These have been two days and a handful of overs of bad news for Australian cricket, made worse by the fact that they are not accustomed to being treated as sporting inferiors. Yesterday at the Third npower Test, they seemed to be trying to come to terms with it, not through Warne's heroics in a minor key, but by the sound of John Buchanan, Australia's capable coach. John Buchanan is the Deborah Kerr of Test cricket.
Like Kerr in The King and I, when Buchanan is afraid, he sings a happy tune. Yesterday, while the rain was falling, he told Mike Atherton on Channel 4: "Whatever the result of the Ashes, we'll grow as a group as a result." For the first time in England in almost two decades, an Australian coach is contemplating the possibility of a series defeat. After trashing England at Lord's, the Australian captain, Ricky Ponting, was talking about a 5-0 whitewash. From hubris to hardship in only three weeks.
Buchanan, who is an amiable chap, likes playing mind games. Normally, these are designed to place uncertainty in the minds of his opponents - the hope of inducing what Steve Waugh used to refer to as "mental disintegration". In his Atherton interview yesterday, Buchanan appeared to be speaking to his own side, rather than to the opposition.
"It's nice to be on top, but it's a difficult place to be," he said. "At the moment we are not enjoying that position so the silver lining is that we will understand more about ourselves, and about what it means to be at the top.
"I don't see us failing off the perch, but it is difficult to be there without a challenge." (This is the happy tune.) "We have got a challenge this time - it's been continuing from the one-day series to this series and it's something, at the moment, we haven't grappled with quite as we'd have liked." For an Australian, that is a confession. Normally you would expect Buchanan to quote his Chinese military strategist, Sun Tzu, who would surely have said: "No animal is more dangerous than when it is cornered." Or words to that effect.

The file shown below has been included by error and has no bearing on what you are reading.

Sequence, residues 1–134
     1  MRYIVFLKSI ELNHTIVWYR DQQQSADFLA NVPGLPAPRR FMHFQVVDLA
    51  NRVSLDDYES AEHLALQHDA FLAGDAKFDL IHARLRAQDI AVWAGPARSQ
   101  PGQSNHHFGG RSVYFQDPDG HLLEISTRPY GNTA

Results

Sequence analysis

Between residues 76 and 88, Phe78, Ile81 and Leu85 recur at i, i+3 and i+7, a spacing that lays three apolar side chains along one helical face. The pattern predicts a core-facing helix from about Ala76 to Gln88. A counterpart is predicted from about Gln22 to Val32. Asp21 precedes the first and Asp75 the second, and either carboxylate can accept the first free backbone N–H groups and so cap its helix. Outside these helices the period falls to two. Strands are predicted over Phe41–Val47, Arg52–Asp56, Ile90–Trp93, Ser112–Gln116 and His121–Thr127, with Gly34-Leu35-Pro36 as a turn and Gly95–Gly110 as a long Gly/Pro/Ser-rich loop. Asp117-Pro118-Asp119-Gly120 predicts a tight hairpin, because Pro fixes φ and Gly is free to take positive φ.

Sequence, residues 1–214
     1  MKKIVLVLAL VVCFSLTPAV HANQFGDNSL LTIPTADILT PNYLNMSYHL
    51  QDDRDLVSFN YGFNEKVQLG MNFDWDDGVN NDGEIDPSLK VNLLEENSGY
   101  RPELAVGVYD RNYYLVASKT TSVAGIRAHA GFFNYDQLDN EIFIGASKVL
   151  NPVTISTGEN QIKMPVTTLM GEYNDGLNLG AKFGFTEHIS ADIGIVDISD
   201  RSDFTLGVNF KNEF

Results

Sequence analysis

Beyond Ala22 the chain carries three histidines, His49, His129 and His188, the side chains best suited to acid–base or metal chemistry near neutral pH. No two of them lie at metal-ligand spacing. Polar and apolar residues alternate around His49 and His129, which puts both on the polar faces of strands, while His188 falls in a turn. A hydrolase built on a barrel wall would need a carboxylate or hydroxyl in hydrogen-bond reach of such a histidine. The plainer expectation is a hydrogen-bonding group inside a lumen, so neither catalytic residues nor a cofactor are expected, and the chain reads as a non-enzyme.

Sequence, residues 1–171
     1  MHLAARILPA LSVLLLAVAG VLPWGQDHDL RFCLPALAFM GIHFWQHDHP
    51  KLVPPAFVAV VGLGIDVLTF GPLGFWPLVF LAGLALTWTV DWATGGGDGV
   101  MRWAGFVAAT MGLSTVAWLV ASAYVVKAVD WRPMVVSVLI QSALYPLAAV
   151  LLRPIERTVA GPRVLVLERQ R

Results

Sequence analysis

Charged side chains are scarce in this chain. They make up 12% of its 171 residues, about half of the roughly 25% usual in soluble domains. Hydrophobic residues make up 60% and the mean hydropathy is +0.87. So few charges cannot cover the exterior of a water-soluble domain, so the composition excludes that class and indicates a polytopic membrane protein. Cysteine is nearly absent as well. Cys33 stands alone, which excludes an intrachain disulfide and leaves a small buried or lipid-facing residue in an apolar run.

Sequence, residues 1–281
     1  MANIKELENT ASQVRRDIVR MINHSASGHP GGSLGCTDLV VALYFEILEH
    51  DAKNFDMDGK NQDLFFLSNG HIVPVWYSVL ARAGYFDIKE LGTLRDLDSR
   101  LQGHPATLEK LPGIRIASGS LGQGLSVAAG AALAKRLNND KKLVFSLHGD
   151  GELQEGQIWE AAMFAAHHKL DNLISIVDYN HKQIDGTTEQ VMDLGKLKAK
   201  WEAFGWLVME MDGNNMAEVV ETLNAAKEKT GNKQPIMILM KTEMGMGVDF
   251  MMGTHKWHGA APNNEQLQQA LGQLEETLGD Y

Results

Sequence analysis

Warne seemed immune from the suspicion of malaise. It is one of the marks of his greatness as a cricketer that he can bat down the order with guts and a little style when others of whom more is expected have failed to do so. Warne is very much his own man, and does not cease to be so when he has a bat in his hand.
When he decided yesterday that he wanted a new bat in the middle of an over, he simply started to walk towards the dressing-room and had covered 30 yards before Steve Bucknor, the umpire, called him back, saying "who do you think you are?" Or words to that effect.
The new bat was still not to his liking, but this time he did manage to wait until the end of the over before running to fetch another new one. It must have been to his liking because it was this bat with which he hit four, two and four off the last over bowled by Ashley Giles before the players disappeared back into the pavilion. Those were the runs that saved the follow-on.
In this game, he has so far proved to be Australia's best batsman - and by some distance. After his 78 not out, the next highest scorer is Matthew Hayden with 34. Warne had already proved to be Australia's best bowler with 4 for 99 in England's first innings. He should have been stumped and caught by Geraint Jones yesterday, but Warne is conscious of good luck and rides it.
Of all the cricketers playing here, he is the master of his soul and the captain of his fate. He rides his bad luck, too. It is difficult to think of another cricketer who is as great an architect of his own misfortune.
If he had managed to conduct his telephone dalliances with more discretion, he would have been a powerful candidate to succeed Steve Waugh as captain, and he may well have managed the danger of disintegration - which is still only a suspicion - better than Ricky Ponting.
Had he not committed the same indiscretion a couple of months ago, he would not have lost his job as a cricket commentator on Australian television. But you can't keep this bad man down. No matter how appalling his behaviour, he is impossible to dislike, or not to admire.
Yesterday was a case in point.Reuse content